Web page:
|5.||Canon SX530||-||stereo / mono||-||-||mini||2.0||Y||Y||-|
|6.||Canon SX610||-||- / -||-||-||micro||2.0||Y||Y||-|
|7.||Canon SX520||-||stereo / mono||-||-||mini||2.0||-||-||-|
|8.||Canon SX400||-||stereo / mono||-||-||-||2.0||-||-||-|
|9.||Canon SX60||Y||stereo / mono||Y||-||mini||2.0||Y||Y||-|
|10.||Canon SX510||-||stereo / mono||-||-||mini||2.0||Y||-||-|
|11.||Nikon L840||-||stereo / mono||-||-||micro||2.0||Y||Y||-|
|12.||Sony RX100 VI||-||stereo / mono||-||-||micro||2.0||Y||Y||Y|
|13.||Sony RX10 III||Y||stereo / mono||Y||Y||micro||2.0||Y||Y||-|
|14.||Sony RX100 V||-||stereo / mono||-||-||micro||2.0||Y||Y||-|
|15.||Sony RX10 II||Y||stereo / mono||Y||Y||micro||2.0||Y||Y||-|
|16.||Sony RX10||Y||stereo / mono||Y||Y||micro||2.0||Y||Y||-|
|17.||Sony H200||-||mono / mono||-||-||-||2.0||-||-||-|
It is notable that the RX10 IV has a microphone port, which can help to improve the quality of audio recordings by attaching an external microphone. The SX600 does not feature such a mic input.
The RX10 IV is a recent model that features in the current product line-up of Sony. In contrast, the SX600 has been discontinued (but can be found pre-owned on eBay). As a replacement in the same line of cameras, the SX600 was succeeded by the Canon SX610. Further information on the two cameras (e.g. user guides, manuals), as well as related accessories, can be found on the official Canon and Sony websites.
So what is the bottom line? Is there a clear favorite between the Canon SX600 and the Sony RX10 IV? Which camera is better? Below is a summary of the relative strengths of each of the two contestants.
Reasons to prefer the Canon PowerShot SX600 HS:
- Maximized detail: Lacks an anti-alias filter to exploit the sensor's full resolution potential.
- More compact: Is smaller (104x61mm vs 133x94mm) and thus needs less room in the bag.
- Less heavy: Is lighter (by 907g or 83 percent) and hence easier to carry around.
- More affordable: Was introduced into a lower priced category (85 percent cheaper at launch).
- More heavily discounted: Has been available for much longer (launched in January 2014).
Arguments in favor of the Sony Cyber-shot DSC-RX10 IV:
- More detail: Has more megapixels (20 vs 15.9MP), which boosts linear resolution by 14%.
- Better moiré control: Has an anti-alias filter to avoid artificial patterns to appear in images.
- Better image quality: Is equipped with a larger and more technologically advanced sensor.
- Richer colors: The sensor size advantage translates into images with better, more accurate colors.
- More dynamic range: Larger sensor captures a wider spectrum of light and dark details.
- Better low-light sensitivity: Larger sensor produces good images even in poorly lit environments.
- Better video: Provides higher definition movie capture (4K/30p vs 1080/30p).
- Better live-view autofocus: Features on-sensor phase-detection for more confident autofocus.
- Better sound: Can connect to an external microphone for higher quality sound recording.
- Better sound control: Has a headphone port that enables audio monitoring while recording.
- Easier framing: Has an electronic viewfinder for image composition and settings control.
- Easier setting verification: Features a control panel on top to check shooting parameters.
- More detailed LCD: Has a higher resolution rear screen (1440k vs 461k dots).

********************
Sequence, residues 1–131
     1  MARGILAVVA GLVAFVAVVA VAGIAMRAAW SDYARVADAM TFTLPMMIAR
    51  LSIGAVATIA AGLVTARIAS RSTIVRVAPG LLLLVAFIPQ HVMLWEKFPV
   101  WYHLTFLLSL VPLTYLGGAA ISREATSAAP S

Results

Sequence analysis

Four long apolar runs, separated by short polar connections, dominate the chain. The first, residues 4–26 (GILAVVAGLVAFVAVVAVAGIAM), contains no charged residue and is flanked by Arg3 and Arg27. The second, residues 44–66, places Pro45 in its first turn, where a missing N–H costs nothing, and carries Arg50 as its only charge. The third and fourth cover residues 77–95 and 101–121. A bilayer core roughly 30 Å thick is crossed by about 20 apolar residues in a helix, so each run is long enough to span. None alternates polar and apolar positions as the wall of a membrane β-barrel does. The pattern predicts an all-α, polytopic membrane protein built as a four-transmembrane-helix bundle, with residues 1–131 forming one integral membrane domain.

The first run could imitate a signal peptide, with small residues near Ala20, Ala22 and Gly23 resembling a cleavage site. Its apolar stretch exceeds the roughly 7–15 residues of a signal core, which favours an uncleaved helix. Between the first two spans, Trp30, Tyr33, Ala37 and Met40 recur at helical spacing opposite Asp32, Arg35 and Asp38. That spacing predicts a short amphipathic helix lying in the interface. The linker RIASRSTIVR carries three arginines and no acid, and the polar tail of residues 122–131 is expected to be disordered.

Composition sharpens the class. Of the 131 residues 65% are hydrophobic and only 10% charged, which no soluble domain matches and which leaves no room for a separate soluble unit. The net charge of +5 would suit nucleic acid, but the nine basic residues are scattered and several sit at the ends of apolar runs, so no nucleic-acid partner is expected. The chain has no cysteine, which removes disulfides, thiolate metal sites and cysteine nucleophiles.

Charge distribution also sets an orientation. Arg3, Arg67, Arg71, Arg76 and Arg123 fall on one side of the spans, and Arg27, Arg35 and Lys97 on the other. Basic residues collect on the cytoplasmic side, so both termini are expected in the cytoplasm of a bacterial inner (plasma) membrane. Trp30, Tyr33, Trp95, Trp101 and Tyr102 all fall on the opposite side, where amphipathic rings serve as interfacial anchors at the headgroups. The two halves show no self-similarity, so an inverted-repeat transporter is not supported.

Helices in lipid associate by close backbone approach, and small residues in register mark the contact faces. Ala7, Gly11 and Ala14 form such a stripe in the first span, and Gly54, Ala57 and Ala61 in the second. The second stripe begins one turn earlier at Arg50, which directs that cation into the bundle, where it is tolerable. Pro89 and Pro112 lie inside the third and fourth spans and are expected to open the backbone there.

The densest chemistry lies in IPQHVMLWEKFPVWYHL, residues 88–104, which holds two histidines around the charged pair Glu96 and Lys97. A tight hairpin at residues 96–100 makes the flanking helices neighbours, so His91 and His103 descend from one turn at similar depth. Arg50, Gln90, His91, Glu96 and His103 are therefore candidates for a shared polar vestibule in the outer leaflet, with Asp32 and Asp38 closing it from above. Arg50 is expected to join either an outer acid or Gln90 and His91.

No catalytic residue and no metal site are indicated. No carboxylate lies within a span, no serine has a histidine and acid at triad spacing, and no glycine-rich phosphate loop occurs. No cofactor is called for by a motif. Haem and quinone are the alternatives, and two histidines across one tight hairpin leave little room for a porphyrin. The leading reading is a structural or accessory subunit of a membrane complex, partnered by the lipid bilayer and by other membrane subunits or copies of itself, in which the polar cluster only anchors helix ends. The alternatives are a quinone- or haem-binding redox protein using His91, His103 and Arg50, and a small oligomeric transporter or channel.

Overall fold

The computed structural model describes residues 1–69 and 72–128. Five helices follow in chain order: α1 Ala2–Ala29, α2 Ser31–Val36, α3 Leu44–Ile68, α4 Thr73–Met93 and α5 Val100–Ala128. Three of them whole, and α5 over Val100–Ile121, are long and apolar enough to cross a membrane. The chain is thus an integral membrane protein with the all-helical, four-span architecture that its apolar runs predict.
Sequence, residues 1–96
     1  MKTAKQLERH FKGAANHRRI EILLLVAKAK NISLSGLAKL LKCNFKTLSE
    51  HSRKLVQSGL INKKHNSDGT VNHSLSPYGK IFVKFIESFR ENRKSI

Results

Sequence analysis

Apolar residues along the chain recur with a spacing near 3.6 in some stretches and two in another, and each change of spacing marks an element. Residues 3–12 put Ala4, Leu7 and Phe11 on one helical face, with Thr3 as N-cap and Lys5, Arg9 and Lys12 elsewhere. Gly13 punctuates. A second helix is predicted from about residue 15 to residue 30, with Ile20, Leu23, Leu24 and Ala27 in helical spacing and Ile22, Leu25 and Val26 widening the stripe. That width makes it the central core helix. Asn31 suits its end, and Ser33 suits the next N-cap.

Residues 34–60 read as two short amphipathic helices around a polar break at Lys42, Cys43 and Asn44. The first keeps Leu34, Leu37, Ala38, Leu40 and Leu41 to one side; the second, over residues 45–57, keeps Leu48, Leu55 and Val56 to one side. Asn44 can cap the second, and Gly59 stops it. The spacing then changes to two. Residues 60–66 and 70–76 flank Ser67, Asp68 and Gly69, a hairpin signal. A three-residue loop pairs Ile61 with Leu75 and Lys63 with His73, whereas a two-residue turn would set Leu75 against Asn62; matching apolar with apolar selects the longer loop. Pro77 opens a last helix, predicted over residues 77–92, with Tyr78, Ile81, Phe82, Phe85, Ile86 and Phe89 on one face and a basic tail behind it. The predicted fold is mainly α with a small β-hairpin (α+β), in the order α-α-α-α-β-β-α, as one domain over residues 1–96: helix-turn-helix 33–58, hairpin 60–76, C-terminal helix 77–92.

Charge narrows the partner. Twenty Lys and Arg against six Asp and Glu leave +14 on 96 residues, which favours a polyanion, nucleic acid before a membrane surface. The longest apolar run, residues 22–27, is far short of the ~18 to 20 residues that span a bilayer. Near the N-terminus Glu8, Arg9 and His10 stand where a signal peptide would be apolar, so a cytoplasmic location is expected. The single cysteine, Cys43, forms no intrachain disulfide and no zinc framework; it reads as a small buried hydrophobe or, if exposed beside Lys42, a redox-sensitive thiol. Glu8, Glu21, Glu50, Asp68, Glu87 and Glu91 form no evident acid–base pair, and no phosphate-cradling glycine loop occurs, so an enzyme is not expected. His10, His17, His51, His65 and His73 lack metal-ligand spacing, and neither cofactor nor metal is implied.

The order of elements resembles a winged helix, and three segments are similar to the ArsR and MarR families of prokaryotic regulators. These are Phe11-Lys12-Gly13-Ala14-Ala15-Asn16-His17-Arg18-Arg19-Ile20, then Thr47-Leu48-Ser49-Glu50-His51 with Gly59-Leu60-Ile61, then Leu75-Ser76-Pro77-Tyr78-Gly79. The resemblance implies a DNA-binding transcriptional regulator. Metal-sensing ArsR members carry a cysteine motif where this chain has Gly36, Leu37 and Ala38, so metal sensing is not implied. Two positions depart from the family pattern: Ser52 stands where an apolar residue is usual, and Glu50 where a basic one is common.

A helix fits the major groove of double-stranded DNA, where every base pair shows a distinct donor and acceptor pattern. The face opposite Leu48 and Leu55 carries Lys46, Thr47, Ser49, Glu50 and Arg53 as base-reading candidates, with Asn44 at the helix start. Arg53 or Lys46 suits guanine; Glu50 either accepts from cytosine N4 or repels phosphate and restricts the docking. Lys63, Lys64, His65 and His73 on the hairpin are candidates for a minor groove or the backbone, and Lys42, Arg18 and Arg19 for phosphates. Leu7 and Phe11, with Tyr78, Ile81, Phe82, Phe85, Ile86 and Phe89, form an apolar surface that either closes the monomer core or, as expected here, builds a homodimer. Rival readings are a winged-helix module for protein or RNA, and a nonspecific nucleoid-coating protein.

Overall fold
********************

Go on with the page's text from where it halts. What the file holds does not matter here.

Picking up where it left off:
- More flexible LCD: Has a tilting screen for odd-angle shots in landscape orientation.
- Fewer buttons to press: Has a touchscreen to facilitate handling and shooting adjustments.
- Faster burst: Shoots at higher frequency (24 vs 3.9 flaps/sec) to capture the decisive moment.
- Less disturbing: Has an electronic shutter option for completely silent shooting.
- Better light gathering: Has a lens with a wider maximum aperture (f/2.4 vs f/3.8).
- Wider view: Has a wider-angle lens that facilitates landscape or interior shots.
- More tele-reach: Has a longer tele-lens for perspective compression and subject magnification.
- Longer lasting: Gets more shots (400 versus 290) out of a single battery charge.
- Easier travel charging: Can be conveniently charged via its USB port.
- Better sealing: Is splash and dust sealed for shooting in inclement weather conditions.
- Better lighting: Features a hotshoe and can thus hold and trigger an external flash gun.
- Faster buffer clearing: Has an SD card interface that supports the UHS-I standard.
- More modern: Reflects 3 years and 8 months of technical progress since the SX600 launch.
If the count of relative strengths (bullet points above) is taken as a measure, the RX10 IV is the clear winner of the contest (26 : 5 points). However, the relative importance of the various individual camera aspects will vary according to personal preferences and needs, so that you might like to apply corresponding weights to the particular features before making a decision on a new camera. A professional wildlife photographer will view the differences between cameras in a way that diverges from the perspective of a family photog, and a person interested in architecture has distinct needs from a sports shooter. Hence, the decision which camera is best and worth buying is often a very personal one.
How about other alternatives? Do the specifications of the Canon SX600 and the Sony RX10 IV place the cameras among the top in their class? Find out in the latest Best Superzoom Camera listing whether the two cameras rank among the cream of the crop.
In any case, while the comparison of the spec-sheets of cameras can offer a general idea of their imaging potential, it remains incomplete and does no justice, for example, to the way the SX600 or the RX10 IV perform in practice. User reviews that are available, for instance, at amazon can sometimes shed light on these issues, but such feedback is all too often partial, inconsistent, and inaccurate.